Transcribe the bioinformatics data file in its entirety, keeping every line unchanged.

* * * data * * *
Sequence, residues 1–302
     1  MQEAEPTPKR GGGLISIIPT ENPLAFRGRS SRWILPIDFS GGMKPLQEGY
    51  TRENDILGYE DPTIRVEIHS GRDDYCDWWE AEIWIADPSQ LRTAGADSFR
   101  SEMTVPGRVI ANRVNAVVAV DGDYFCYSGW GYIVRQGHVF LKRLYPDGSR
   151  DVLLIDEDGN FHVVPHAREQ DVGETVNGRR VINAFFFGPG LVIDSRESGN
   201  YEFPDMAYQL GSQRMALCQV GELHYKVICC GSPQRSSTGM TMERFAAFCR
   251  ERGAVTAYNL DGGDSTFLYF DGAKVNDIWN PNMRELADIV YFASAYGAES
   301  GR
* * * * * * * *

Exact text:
Sequence, residues 1–302
     1  MQEAEPTPKR GGGLISIIPT ENPLAFRGRS SRWILPIDFS GGMKPLQEGY
    51  TRENDILGYE DPTIRVEIHS GRDDYCDWWE AEIWIADPSQ LRTAGADSFR
   101  SEMTVPGRVI ANRVNAVVAV DGDYFCYSGW GYIVRQGHVF LKRLYPDGSR
   151  DVLLIDEDGN FHVVPHAREQ DVGETVNGRR VINAFFFGPG LVIDSRESGN
   201  YEFPDMAYQL GSQRMALCQV GELHYKVICC GSPQRSSTGM TMERFAAFCR
   251  ERGAVTAYNL DGGDSTFLYF DGAKVNDIWN PNMRELADIV YFASAYGAES
   301  GR